• It is about Republican Gov. Bobby Jindal. Peterson protested too much by saying it was not, despite making a crack at Jindal’s presumed future political aspirations during debate and, earlier in the day in committee on an unrelated bill, bitterly complaining to Jindal Administration officials about his opposition to this bill. It’s clear that while making Jindal look bad by trying to put him into a position to have to veto this probably was not the main motive of Peterson, who holds a party office for the Democrats, on the bill, it certainly was part of her calculation and strategy to pursue it and denials on her part are disingenuous.
  • That an increased tax would significantly reduce smoking. Several legislators who smoke or have smokers in their family talked about how the task of quitting was so difficult and disrupted family life because of the addiction of it. Incredibly, they missed the entire self-contradiction in their arguments: by claiming this was an addiction, this meant that voluntary actions by them, such as deciding whether to buy tobacco legally available, would not be affected by a tax. Only involuntary restraints, such as making it unavailable, can significantly affect this behavior if it is claimed to be truly “addictive.”
  • 15.6.09

    Fiscal pain by some emphasizes need for flexibility

    We’ll find out shortly whether the resolve of Gov. Bobby Jindal pays off with bills to restructure the state’s fiscal budgetary procedures.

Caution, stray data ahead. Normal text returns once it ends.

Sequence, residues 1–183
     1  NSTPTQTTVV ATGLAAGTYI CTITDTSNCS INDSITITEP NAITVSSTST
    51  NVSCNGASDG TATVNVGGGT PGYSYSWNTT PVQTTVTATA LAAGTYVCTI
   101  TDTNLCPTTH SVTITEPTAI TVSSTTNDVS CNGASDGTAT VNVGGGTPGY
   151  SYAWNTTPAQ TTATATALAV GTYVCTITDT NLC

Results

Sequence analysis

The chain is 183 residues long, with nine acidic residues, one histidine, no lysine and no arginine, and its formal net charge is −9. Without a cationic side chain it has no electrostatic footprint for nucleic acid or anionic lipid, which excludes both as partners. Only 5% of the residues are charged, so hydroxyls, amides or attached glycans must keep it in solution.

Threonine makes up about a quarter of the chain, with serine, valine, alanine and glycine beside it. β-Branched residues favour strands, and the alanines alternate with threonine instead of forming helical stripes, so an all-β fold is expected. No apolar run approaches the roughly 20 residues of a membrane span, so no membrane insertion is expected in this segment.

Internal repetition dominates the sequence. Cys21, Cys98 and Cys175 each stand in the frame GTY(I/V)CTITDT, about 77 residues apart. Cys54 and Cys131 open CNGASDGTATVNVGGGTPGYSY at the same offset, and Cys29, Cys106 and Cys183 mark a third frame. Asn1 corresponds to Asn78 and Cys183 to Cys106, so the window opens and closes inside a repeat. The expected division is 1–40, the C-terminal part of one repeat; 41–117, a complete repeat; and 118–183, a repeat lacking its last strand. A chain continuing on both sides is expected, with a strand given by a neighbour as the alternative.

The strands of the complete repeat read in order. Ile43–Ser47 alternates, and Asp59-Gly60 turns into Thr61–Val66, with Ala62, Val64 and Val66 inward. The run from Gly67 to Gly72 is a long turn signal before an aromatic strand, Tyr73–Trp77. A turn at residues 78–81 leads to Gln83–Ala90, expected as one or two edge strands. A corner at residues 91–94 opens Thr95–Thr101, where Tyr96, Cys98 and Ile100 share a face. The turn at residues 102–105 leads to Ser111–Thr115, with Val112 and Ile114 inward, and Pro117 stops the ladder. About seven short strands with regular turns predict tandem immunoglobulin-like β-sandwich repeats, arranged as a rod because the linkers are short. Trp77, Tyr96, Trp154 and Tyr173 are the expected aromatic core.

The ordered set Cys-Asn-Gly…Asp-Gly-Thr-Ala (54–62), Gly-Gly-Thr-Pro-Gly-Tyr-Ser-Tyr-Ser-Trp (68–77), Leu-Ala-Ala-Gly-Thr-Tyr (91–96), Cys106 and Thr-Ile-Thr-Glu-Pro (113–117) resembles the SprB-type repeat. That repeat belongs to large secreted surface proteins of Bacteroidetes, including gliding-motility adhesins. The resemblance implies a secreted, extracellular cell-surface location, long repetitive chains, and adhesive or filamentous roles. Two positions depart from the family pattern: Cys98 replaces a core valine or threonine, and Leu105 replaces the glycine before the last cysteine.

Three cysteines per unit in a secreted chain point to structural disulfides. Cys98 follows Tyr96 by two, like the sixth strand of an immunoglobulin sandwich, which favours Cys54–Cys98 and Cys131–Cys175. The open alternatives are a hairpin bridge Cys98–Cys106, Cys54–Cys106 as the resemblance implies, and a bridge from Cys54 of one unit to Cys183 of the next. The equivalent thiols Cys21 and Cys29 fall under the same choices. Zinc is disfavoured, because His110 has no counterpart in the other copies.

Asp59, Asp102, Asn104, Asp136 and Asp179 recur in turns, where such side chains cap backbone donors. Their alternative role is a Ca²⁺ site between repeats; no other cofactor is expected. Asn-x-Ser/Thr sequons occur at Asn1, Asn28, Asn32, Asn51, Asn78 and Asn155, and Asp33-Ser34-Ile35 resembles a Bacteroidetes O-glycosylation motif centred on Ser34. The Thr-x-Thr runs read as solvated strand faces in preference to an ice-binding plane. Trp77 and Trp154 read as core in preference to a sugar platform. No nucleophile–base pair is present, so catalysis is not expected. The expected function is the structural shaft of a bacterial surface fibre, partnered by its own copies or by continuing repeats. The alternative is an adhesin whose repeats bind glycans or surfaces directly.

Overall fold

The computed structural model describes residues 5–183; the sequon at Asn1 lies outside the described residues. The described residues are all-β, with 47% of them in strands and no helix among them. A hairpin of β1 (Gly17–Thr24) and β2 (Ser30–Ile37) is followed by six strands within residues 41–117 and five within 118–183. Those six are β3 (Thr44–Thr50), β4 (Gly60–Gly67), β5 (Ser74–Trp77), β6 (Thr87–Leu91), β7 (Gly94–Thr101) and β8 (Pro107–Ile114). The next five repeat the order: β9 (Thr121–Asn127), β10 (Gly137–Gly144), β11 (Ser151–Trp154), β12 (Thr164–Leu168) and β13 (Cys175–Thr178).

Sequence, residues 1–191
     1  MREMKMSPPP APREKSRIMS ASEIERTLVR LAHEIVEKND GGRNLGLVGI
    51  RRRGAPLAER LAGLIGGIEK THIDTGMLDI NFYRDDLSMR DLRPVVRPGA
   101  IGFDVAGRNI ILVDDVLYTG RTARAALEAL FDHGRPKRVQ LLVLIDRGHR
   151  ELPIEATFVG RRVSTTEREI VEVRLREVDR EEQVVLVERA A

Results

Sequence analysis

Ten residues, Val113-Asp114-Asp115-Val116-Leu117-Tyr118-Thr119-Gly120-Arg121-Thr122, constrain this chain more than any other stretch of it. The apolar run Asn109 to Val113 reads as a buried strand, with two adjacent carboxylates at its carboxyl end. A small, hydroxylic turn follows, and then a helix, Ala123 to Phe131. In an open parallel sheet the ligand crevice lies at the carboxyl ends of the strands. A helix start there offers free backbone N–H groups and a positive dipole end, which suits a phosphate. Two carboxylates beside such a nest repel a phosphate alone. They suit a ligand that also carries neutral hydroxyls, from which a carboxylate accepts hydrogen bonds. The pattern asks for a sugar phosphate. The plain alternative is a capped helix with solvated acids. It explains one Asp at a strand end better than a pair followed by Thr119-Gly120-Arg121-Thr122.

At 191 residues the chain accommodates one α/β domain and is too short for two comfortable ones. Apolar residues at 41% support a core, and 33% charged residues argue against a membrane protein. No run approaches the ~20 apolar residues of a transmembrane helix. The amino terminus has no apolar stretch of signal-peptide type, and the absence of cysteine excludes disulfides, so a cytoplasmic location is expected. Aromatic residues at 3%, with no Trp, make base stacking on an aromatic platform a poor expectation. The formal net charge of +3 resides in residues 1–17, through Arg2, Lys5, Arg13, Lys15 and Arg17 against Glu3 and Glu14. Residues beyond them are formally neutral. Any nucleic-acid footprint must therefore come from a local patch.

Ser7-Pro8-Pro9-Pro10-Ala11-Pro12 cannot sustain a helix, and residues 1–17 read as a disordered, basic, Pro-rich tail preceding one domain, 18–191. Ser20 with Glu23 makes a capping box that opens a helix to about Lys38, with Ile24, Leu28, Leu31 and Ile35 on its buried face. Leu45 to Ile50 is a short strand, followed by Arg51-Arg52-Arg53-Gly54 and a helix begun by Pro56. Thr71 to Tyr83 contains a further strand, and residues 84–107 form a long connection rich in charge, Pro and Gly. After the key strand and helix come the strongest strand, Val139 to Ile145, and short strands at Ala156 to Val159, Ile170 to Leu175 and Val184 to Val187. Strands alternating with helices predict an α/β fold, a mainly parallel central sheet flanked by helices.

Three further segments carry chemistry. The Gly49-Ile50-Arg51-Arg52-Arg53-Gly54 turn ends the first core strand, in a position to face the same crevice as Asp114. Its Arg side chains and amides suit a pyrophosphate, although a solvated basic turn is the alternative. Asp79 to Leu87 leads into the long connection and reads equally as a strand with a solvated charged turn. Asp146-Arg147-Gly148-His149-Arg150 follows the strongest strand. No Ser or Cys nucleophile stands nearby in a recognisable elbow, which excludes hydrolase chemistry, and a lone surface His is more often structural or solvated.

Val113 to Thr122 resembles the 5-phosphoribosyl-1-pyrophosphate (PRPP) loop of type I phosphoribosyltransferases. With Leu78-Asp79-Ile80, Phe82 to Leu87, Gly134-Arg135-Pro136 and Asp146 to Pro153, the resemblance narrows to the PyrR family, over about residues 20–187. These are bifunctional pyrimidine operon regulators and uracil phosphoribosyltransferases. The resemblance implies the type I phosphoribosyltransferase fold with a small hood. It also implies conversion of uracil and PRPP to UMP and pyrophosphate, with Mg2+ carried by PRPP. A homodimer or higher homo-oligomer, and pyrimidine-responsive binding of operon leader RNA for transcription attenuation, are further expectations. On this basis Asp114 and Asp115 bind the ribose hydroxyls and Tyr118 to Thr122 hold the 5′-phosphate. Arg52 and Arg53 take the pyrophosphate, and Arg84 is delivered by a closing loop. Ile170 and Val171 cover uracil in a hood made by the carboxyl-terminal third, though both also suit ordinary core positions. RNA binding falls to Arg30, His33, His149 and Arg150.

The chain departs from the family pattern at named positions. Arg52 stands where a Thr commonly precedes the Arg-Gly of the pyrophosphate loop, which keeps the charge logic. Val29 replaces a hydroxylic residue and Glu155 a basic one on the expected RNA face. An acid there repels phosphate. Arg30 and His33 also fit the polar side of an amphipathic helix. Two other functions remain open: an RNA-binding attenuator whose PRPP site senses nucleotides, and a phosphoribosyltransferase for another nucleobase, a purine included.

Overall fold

A criticism of the mechanisms placed into law and the Louisiana Constitution is that, in times such as these when forecasted budget deficits cause significant restructuring of state spending patterns, inflexibility leads to sub-optimal policy choices. Specifically in this cycle, disproportionate chunks must be taken out of health care and higher education due to these strictures.

    The recognition basically has sunk in. The Louisiana State University system finally reconciled itself to carry out such reductions, and health care providers continue to lament the need as well, which in its case end up being even more significant because there often is a matching federal dollar component to their expenditures.

    But all of this agony may have a larger political point. The Jindal Administration spawned a large number of bills addressing these kinds of matters, many of which will surface in front of the House Appropriations Committee today. They are designed to increase budgetary flexibility.

    Interestingly, there is non-trivial opposition to such measures. Some argue that certain functions are too important not to be protected, while others point out that the increased flexibility could allow government to transfer funds put into account directly from the non-government sector to benefit the donors. Several ardent opponents of these measures appear to be on the committee. However, the stark reality of the costs of the inflexible system are being loudly trumpeted by the most prominent victims of it, higher education and health care, putting pressure on the Legislature to pass these measure for Jindal’s signature.